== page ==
As a seasoned hunter I found a number of the Low-Rank quests to be fairly easy; insultingly so, actually. My progression to High-Rank was a culture shock which only Monster Hunter can pull of with ease. The game lures you into a false sense of security carefully baiting you to believe you can take on anything before throwing a curveball which causes you to realise you’re not the one in control here. The Bazelgeuse is. Suddenly you realise the last twenty or so hours have been one long tutorial and the real game is just beginning. A cunning ploy on Capcom’s part, and a great way to keep newer and veteran players alike interested.

The new environments are also worth a mention. While the map is still divided into numbered sections moving from one to another no longer requires a loading screen. The entire area is open and explorable allowing seamless transitions from area to area. You can see monsters flying off in the distance while ants and other small critters scuttle along the ground. The entire world is a living and breathing ecosystem. Watching the Anjanath in its natural habitat is a wonder to behold as each beast acts like a living creature; a testament to the hard work Capcom has put into bringing these creatures and the world they live into life.

Storywise Monster Hunter: World doesn’t offer much new from previous entries in the series. In this case, a number of Elder Dragons are migrating to the New World and the player is tasked to find out why. Players can gather data on a monster by tracking them in quests and expeditions as well as from capturing or slaying them. Of course, that’s not to say you’ll need to hunt alone. Encountering a beast that’s outside of your league is part of the fun. Sending out an SOS flare will allow strangers to join in on your hunt to assist you; levelling the playing field. Joining other likeminded players to take on the impossible is exhilarating and finding that perfect team that works as a unit is what it’s all about.

If the title of the game hadn’t already given it away the main idea of Monster Hunter is to hunt monsters to gather materials in order to forge or upgrade the over-the-top weaponry and armour that even Final Fantasy VII’s Cloud would be proud of. In previous instalments, players would need to keep track of the number of items needed in order to forge or upgrade their chosen item; it was a pain. Monster Hunter: World has a small but much-needed addition to help out: the favourites list. Players can now add an item to this list and will be alerted when they gather material needed to craft it. It might sound like a small adjustment, but for those managing a number of armour and equipment sets, it’s a godsend.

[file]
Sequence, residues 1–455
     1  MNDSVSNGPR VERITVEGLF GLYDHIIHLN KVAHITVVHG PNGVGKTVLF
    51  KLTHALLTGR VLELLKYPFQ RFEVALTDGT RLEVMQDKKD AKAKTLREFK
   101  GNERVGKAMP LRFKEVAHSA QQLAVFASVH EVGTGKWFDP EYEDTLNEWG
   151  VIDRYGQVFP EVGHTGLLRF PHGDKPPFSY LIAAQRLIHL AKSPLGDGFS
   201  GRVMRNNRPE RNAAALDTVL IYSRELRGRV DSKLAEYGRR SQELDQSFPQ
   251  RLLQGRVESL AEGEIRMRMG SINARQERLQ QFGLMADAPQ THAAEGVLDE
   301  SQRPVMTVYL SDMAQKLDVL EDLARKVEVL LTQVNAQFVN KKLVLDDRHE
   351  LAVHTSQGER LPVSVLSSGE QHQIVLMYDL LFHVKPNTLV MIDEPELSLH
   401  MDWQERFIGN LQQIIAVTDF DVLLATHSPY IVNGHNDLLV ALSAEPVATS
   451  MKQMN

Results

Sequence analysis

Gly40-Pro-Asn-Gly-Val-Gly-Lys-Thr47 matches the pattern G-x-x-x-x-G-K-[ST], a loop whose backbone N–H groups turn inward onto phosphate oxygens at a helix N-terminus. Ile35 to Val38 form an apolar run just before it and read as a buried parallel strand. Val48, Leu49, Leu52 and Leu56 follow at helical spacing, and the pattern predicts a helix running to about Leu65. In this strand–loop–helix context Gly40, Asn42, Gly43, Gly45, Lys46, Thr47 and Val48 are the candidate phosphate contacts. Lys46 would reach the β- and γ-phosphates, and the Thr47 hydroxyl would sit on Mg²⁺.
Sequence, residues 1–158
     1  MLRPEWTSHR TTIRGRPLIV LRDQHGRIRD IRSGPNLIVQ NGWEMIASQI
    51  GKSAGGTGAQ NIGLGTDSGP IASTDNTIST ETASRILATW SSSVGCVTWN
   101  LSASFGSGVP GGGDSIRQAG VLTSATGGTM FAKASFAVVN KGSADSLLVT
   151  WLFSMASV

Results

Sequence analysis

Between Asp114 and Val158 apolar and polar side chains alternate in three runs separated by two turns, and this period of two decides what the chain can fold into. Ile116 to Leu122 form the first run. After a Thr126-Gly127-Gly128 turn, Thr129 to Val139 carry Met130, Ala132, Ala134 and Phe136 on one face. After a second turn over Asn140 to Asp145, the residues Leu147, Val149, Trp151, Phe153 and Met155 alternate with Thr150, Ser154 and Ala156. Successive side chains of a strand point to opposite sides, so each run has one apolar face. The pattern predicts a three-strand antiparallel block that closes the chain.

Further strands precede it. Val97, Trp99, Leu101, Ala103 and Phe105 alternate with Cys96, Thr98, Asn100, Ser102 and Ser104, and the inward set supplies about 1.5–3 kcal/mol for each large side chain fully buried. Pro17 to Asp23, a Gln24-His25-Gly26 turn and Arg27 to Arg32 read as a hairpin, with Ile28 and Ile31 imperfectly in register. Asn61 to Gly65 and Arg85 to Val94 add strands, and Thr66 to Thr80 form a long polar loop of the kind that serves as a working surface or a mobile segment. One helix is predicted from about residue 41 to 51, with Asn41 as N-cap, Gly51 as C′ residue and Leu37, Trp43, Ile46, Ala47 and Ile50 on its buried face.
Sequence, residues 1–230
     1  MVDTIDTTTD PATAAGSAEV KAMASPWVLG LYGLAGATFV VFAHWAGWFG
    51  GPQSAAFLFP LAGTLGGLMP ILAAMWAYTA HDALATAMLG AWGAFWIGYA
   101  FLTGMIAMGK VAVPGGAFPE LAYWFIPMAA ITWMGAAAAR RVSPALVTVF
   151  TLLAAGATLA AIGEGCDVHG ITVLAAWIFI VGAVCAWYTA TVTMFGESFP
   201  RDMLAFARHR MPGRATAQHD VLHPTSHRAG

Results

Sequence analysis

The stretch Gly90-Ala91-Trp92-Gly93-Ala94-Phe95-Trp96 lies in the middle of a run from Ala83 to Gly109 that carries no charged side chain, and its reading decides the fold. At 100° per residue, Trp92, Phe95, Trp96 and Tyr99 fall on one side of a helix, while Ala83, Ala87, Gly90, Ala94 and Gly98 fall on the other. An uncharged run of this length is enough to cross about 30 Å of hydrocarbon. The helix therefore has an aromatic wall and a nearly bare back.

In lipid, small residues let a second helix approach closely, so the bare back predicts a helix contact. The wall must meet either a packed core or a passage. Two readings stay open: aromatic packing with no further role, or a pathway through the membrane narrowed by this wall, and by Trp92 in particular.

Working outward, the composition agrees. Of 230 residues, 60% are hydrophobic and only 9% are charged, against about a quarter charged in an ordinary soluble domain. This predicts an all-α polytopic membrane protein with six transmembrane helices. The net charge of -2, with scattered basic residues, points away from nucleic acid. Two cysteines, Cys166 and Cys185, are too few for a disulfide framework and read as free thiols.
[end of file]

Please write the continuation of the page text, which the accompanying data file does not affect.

Monster Hunter: World is a new direction for the series, It doesn’t remove anything that makes the series fantastic but it does make itself more appealing for newer players without alienating its well-established player base; it’s a tricky balance to strike which Capcom has nailed perfectly. If you’re not a fan of the odd grind then Monster Hunter: World probably isn’t for you, but if you do enjoy a challenging and open world filled with exploration and the inevitable frustration of your twentieth defeat at the claws of winged death then jump on in.

This review is based on playing the PlayStation 4 version of Monster Hunter: World .



Despite the minor adjustments to appeal to a broader audience, Monster Hunter: World is still a Monster Hunter game at heart. The grind, the fear and the exhilaration are all still there and is a must-have for any fan or newcomer alike.
  • Beautiful environments which are much more interactive
  • Minor tweaks such as the armour and weapons favourite list help out immensely
  • No more loading screens between areas in a hunt
  • Scoutflies can sometimes be too enthusiastic to point out an item and not a monster

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    Monster Hunter: World
    Single-player, Online multi-player
    Release Date(s):
    26th January 2018
    PlayStation 4, Xbox One, PC (Mid 2018)
    Short Link & Tags
    #MonsterHunterWorld #MHW #Anjanath #Bazelgeuse